Now that I have my question, I'm moving on to the next step, which is the phase in which I'll have to decide how I'm going to try to explore this question. I've decided to focus, at least for now, on my Sophomore Honors English class. This class has been lagging a bit lately, in fact I've found that the last two years I've had a hard time with this particular stage of this class. With my freshmen I keep things moving with a non-fiction unit that works well for this time of year, but my sophomores need to get ready for AP classes next year, and the last quarter is spent on the novel Tale of Two Cities by Charles Dickens.
I really like this book, and I enjoy teaching it. Unfortunately, the kids don't seem to share my enthusiasm. I made the observation last week that they were bored out of their gourds, and I was starting to lose momentum. My discussions have gone from lively and animated early in the semester to forced and (judging by the looks on their faces) boring. So I did some reflection and decided to turn the discussions over to the kids, asking them to write their own level three questions for us to focus our discussions on. I'm also going to do a round of group projects that will hopefully get them thinking about the book in a different way, and hopefully that will give the class some variety and relieve some of the boredom while still maintaining the rigor that I know I have to keep up.
But, as I have learned in my discussions on the Mother Blog this kind of reflective practice is only the beginning, so I'm going to attempt to apply the inquiry methods of teacher research to the problem. One of the things I want to do is to create a discussion about the book that is modeled after the "silent discussion" that my colleague Nate Hoffman shared with me a couple of years ago, and which I have used since then with varying degrees of what I consider to be success. The idea is that each student will post a paragraph or two to a class blog, and then will be asked to comment on one another's blogs to hopefully generate some discussion.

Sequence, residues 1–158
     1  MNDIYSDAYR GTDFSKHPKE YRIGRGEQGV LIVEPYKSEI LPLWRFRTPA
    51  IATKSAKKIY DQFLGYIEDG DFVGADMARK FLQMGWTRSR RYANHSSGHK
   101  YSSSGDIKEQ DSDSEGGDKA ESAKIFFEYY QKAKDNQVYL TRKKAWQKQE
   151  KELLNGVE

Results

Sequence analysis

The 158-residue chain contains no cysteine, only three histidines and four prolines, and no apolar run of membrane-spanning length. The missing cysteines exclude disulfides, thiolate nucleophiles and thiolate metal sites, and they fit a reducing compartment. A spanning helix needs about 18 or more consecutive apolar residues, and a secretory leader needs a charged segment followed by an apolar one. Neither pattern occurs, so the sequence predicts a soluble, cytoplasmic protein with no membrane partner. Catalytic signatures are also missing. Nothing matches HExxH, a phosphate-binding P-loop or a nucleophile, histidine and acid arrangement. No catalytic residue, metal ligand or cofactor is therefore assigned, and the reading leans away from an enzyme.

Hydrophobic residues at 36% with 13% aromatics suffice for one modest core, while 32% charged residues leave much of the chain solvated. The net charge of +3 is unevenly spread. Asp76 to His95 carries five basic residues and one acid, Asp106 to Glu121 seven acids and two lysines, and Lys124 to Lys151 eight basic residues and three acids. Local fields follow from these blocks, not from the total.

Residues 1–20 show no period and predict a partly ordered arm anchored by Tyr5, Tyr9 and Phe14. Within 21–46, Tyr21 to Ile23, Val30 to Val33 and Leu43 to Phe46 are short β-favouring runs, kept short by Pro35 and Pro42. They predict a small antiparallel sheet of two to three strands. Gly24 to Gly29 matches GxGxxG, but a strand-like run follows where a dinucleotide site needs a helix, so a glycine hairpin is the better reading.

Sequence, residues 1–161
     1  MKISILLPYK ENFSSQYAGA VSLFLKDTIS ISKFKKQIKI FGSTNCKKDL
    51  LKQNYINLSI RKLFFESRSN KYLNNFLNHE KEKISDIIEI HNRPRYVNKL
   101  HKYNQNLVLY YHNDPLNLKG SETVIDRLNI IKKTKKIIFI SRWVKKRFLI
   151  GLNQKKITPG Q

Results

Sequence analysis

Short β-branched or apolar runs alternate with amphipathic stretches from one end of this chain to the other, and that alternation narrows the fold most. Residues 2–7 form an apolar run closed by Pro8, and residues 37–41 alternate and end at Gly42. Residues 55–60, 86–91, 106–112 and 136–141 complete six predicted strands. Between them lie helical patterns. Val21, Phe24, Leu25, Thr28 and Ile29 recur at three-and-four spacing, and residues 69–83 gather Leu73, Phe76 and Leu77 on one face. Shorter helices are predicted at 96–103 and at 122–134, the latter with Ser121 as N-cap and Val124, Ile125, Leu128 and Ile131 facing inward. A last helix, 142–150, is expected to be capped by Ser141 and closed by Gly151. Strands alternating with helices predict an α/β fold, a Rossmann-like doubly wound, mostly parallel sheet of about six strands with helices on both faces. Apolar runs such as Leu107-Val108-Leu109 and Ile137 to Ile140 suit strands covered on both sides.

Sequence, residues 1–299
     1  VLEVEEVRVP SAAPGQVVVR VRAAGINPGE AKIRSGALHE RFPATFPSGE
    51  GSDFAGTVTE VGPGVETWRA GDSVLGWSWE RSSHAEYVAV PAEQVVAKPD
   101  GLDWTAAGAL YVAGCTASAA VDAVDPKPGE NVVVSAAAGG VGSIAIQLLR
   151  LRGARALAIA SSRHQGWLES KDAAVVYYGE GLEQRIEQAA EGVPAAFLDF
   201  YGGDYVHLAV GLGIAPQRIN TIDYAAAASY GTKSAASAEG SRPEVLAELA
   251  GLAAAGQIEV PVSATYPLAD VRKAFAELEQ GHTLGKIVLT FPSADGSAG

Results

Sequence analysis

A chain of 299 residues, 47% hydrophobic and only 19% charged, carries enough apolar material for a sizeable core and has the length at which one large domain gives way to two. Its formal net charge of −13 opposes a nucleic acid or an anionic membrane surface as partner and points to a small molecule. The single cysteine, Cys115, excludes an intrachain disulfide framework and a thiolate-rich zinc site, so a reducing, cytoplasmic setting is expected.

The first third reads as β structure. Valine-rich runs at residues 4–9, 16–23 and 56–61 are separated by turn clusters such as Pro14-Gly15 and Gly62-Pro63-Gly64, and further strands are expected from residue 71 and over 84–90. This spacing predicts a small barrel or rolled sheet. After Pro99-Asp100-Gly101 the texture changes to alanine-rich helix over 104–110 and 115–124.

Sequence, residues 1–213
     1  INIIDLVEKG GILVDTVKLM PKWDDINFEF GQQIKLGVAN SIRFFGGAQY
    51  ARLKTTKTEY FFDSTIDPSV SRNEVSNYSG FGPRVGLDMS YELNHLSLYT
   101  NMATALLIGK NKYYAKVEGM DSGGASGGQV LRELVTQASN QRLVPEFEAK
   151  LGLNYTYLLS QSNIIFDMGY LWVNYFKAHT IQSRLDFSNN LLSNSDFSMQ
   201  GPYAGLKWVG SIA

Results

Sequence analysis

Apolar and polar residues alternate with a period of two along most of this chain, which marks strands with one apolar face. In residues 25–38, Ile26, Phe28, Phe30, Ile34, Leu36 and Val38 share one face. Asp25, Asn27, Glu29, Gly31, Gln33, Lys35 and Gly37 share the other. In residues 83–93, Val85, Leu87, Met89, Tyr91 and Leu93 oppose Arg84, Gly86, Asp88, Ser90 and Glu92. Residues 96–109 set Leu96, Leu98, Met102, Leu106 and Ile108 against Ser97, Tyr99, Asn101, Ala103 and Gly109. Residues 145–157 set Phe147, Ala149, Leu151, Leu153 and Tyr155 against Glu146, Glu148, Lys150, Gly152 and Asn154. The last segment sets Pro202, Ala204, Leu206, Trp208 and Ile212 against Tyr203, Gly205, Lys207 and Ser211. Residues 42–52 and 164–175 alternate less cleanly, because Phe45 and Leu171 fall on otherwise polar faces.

First, however, I want to make sure that I am answering my question; an essential component of this project is that I use my student's interest in and knowledge of the web to build a better sense of what "good writing" looks like. My plan is to look at examples of web writing and to ask the students to assess that writing, asking them what makes it good or bad. From that we will generate a list of characteristics of good writing from which we can create a class rubric to judge both their blog posts and their comments.
My first question is whether I should find examples, organize them into a Power Point and show them to the students as we go through the rubric-designing process, or if there is a way to get the students to find the examples themselves and then to share out with the rest of the class their ideas about good and bad web writing. One sounds easier than the other in terms of my work load, but if there is a significant advantage to having the students find the examples themselves, it may be a case in which the easier path is also the best for the kids. Easier is a relative term, though, I'll still have to come up with a system to organize the student searches and then set up a way for them to present their findings to the class (Power Points?).